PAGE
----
The story behind Papa Del’s pizza is deeply personal
By Tony Fitzpatrick
What’s in a Papa Del’s pizza? A famished campus, a floundering student and a failing fraternity are the unlikely ingredients of this culinary icon, a favorite among alumni and one of the most famous brands ever to come out of the University of Illinois campus.
Each week, Papa Del’s sends its pizzas to points nationwide; indeed, in summer 2010, 76 members of the San Francisco Bay Area Illini Club dined on 19 pizzas shipped to them cross-country for a trip down Memory Lane. It’s been rumored that the pie has smuggled its way into Japan, Europe and Asia, and it’s commonplace to find alumni within a 50-mile radius of C-U jettisoning their plans to visit the Green Street eatery and yield to their jonesin’.
While the first Papa Del Pizza restaurant opened in 1970 at the corner of Wright and Healey streets in Campustown, the story of how it got there really begins in the spring of ’68 when the Phi Sigma Epsilon fraternity needed at least 20 new pledges in order to survive.
The old man of the house
In those turbulent times, when many students disdained the Greek social structure, let their hair grow and remained prideful of their rebellious sides, fraternity president Bob Monti ’69 enticed freshman recruits with the tradition-smashing promise of a house with no hazings or rituals. I and about 20 others – mainly streetwise Chicagoans hoping that fraternity status would finesse us into becoming irresistible to sorority girls – took the bait.
One fall night in 1969, I had my first prototype of Papa Del’s pizza at the PSE house at 1004 W. Nevada St., Urbana. I’d heard that Monti, whom we fondly called Papa (in deference to his lengthy, five-years-and-counting status as an undergrad) and/or Del (in homage to the canned goods manufacturer), would be making pizza. I couldn’t fathom Pops doing anything more elaborate than what my mom or sisters did with a Chef Boyardee pizza kit, so I indifferently headed out to find a pickup basketball game. Back at the house, I followed my nose to the dining room, where a handful of guys languished contentedly around fare that looked to me like elephant ears or maybe ridgeless Belgium waffles. I had never seen a crust so thick nor smelled a pizza so aromatic. I took my slice with me and opened the swinging door to see a jumble of emptied, black skillets on the stove proper and Pops at the counter, wielding a big cutter, slicing open a creation garnished with half-dollar-sized pepperoni on crust that fairly oozed over the edges of a deep pan.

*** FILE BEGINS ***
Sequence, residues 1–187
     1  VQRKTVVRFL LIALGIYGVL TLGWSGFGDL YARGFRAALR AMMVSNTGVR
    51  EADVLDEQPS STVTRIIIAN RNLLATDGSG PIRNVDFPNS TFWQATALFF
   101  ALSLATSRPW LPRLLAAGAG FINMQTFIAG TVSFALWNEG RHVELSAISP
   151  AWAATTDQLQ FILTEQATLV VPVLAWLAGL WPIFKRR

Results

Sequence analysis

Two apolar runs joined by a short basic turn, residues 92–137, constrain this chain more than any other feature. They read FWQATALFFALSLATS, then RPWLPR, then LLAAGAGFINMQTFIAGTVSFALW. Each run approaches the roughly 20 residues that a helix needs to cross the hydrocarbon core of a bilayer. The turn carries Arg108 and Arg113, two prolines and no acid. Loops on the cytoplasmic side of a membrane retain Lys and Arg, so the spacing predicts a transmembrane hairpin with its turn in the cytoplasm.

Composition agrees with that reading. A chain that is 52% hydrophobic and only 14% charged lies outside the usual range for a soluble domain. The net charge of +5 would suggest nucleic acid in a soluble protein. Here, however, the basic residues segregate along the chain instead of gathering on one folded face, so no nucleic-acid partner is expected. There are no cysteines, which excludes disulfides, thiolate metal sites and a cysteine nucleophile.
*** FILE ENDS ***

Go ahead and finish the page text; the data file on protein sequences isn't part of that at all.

I closed my eyes and took a bite: heaven, the best pizza, to this day, that I have ever tasted.
To most of us, Pops, born in 1946 (the first year of the baby boomer generation), still seemed to have one foot back in 1945. While he wasn’t outspoken or overtly political, he was quietly conservative, traditional, old-school, delighting in telling stories of enigmatic, long-gone brothers and what we young-’uns thought of as antiquated pranks. During the years of the Vietnam War, Monti had bounced from major to major, uncertain of his future and staying, like many of us, one step ahead of the draft board through college deferments. His life changed the evening of Dec. 1, 1969, during the nationally broadcast draft lottery, when we heard Monti’s birthday go uncalled until the 340th ball was selected, meaning he never had to spend another minute worrying about being drafted.
Or choosing a major, either; he dropped out.
A band of brothers
“I began to look for an empty campus building to open a pizza restaurant,” Monti relates. “I sold every used car that I had, borrowed money from my family and came up with just under $2,000 [and took over] the site of what had been Olympic Pizza.”